The information provided here is not a replacement for a doctor. You shouldn't use it for the purpose of self-diagnosing or self-medicating but rather so you can have a more informed discussion with a professional TCM practitioner.
In Chinese Medicine, asthmatic bronchitis is sometimes associated with Wind-Heat entering the Lungs, a so-called "patterns of disharmony". Chinese Medicine sees the body as a system, not a sum of isolated parts. A "pattern" is when the system's harmony is disrupted. It is not equivalent to the Western concept of "disease" because both concepts arise from totally different ways of seeing the human body.
To understand whether someone's asthmatic bronchitis might be caused by the pattern Wind-Heat entering the Lungs, one needs to look for signs and symptoms associated with the pattern beyond what one might typically experience from asthmatic bronchitis alone. Indeed if asthmatic bronchitis is caused by Wind-Heat entering the Lungs, patients also experience symptoms such as cough with foul-smelling sputum, slight fever, mild chest pain and dry and scaly skin. Similarly, patients with Wind-Heat entering the Lungs typically exhibit rapid (Shu) or slippery (Hua) pulses as well as a red tongue with yellow coating.
We've listed below a more detailed description of Wind-Heat entering the Lungs so that you can have a better understanding of where asthmatic bronchitis might find its root according to Chinese Medicine.
Once identified, patterns are often treated using herbal formulas. Drinking herbal infusions is the most common remedy in Chinese Medicine, together with acupuncture. Here we detail below Wei Jing Tang, a formula that can help treat Wind-Heat entering the Lungs.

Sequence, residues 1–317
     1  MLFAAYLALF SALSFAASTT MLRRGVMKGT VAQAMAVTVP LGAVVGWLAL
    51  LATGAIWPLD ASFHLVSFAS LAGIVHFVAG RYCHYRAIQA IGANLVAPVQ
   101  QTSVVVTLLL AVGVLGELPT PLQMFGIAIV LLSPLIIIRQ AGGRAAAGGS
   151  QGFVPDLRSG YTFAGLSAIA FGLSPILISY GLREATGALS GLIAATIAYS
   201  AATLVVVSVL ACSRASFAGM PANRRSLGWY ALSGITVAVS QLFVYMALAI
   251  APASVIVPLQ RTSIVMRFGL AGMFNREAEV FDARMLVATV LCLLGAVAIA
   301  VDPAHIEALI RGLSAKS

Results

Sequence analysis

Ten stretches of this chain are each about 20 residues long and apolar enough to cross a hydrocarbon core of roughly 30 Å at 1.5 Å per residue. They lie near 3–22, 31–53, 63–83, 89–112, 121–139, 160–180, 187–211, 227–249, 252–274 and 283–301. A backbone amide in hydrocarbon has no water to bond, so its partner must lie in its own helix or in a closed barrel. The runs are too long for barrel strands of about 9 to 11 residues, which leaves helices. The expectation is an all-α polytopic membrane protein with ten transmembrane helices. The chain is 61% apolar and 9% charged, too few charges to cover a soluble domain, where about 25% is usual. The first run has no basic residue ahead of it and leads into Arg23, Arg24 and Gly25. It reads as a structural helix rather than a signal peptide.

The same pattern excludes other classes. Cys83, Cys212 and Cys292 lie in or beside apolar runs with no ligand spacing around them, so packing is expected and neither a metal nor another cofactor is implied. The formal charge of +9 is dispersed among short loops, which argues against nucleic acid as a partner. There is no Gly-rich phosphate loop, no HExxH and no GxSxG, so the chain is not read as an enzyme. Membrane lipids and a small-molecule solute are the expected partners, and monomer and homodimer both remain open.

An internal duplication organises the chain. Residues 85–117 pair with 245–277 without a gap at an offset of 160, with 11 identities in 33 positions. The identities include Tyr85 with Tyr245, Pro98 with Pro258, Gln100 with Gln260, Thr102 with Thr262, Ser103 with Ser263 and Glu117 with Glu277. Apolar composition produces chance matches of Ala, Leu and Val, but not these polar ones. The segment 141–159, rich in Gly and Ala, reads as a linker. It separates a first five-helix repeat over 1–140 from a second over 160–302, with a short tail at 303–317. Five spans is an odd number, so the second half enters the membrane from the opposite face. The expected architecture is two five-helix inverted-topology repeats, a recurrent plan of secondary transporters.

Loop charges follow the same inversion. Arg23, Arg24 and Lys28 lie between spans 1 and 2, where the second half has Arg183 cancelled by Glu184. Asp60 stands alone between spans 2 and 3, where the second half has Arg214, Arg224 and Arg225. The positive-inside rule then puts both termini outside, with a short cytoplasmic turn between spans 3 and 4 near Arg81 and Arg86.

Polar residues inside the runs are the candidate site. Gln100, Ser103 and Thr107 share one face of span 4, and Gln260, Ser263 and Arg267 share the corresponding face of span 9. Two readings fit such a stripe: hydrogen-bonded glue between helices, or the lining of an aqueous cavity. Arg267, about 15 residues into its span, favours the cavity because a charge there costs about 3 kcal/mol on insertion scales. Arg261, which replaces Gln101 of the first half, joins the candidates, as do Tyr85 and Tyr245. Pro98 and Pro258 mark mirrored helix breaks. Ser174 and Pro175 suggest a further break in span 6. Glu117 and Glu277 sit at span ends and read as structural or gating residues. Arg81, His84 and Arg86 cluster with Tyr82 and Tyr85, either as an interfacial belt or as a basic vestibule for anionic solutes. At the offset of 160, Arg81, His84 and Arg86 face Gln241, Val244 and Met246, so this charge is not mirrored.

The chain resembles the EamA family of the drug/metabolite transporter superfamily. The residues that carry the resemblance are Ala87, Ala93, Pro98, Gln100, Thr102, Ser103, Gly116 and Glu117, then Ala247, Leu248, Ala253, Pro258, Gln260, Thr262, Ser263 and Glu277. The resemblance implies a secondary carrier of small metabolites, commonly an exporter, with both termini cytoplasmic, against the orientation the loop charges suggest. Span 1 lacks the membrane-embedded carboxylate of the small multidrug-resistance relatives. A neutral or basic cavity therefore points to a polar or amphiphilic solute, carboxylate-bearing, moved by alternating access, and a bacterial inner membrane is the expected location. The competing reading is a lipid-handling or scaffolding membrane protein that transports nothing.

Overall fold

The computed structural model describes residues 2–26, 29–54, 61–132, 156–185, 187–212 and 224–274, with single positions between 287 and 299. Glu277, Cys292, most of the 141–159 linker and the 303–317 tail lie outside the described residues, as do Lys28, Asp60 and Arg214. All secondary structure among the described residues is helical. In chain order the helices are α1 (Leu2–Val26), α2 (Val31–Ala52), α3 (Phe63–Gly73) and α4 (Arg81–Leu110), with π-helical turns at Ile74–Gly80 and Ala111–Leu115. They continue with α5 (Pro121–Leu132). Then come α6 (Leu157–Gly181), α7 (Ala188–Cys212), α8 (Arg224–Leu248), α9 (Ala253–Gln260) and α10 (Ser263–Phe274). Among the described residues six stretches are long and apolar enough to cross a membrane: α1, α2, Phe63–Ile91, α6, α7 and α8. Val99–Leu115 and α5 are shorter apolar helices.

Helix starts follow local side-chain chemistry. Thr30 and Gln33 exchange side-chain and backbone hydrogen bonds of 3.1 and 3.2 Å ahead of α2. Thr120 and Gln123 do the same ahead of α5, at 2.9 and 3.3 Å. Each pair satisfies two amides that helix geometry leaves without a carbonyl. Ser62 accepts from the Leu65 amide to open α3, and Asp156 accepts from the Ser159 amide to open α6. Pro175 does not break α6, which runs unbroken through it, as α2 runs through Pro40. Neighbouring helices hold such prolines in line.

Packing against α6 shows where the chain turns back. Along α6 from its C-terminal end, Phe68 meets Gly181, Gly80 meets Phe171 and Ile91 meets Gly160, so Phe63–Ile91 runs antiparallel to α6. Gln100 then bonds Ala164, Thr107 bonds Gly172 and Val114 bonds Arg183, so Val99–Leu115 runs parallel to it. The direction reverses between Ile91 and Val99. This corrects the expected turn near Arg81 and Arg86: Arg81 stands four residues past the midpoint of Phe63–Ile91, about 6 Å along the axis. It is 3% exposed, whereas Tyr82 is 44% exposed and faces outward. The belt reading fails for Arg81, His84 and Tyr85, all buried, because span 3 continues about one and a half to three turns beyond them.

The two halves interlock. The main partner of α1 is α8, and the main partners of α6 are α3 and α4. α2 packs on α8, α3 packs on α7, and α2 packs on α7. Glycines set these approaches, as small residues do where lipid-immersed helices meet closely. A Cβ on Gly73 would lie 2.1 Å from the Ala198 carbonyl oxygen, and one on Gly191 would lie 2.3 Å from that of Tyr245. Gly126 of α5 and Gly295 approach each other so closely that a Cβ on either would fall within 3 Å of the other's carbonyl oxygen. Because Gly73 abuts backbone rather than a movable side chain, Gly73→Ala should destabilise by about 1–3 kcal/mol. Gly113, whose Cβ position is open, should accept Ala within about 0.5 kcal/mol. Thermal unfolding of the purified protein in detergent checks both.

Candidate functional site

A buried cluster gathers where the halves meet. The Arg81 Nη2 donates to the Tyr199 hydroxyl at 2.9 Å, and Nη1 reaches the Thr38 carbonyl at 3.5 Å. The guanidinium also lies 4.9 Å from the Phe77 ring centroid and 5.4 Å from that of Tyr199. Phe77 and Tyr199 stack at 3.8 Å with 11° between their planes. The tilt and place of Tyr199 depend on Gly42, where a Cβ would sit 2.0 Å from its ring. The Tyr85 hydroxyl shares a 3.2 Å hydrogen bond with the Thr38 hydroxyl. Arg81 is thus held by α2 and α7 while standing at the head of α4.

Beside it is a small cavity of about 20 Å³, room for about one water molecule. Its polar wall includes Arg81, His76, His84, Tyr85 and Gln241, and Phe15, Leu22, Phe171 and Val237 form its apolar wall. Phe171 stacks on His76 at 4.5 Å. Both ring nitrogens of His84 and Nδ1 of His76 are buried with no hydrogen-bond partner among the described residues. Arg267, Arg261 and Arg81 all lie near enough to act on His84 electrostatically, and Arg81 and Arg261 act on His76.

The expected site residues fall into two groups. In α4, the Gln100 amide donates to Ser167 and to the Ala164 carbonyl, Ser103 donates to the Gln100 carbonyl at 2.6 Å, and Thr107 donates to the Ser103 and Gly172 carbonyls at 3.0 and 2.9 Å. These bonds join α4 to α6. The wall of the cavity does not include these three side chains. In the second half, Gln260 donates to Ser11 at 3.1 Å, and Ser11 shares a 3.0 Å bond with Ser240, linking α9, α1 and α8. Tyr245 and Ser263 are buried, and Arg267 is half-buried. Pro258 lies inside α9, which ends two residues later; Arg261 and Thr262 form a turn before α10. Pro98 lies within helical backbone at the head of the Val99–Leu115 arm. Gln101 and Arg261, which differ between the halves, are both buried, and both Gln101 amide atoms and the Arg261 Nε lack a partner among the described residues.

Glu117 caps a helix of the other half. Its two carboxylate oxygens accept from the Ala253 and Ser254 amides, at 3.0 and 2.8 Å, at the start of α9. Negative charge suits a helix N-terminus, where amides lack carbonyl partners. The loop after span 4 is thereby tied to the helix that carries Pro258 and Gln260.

The Lungs is a so-called "Zang" Organ. Learn more about the Lungs in Chinese Medicine
Pulse type(s): Rapid (Shu), Slippery (Hua)
Tongue coating: Yellow coating
Tongue color: Red
Recommended herbal formula: Wei Jing Tang
Asthmatic bronchitis might be due to Wind-Heat entering the Lungs if the condition is paired with typical pattern symptoms such as cough with foul-smelling sputum, slight fever, mild chest pain and dry and scaly skin. Similarly, patients with Wind-Heat entering the Lungs typically exhibit rapid (Shu) or slippery (Hua) pulses as well as a red tongue with yellow coating.
Source date: 627 AD
Number of ingredients: 4 herbs
Key actions: Clears heat from the Lungs. Transforms Phlegm. Drives out Blood-Stagnation. Discharges pus.
Because it is a formula often recommended to help treat Wind-Heat entering the Lungs, a pattern sometimes associated with asthmatic bronchitis. If it looks like you might suffer from Wind-Heat entering the Lungs, this formula might help (although please seek confirmation with a professional practitioner beforehand).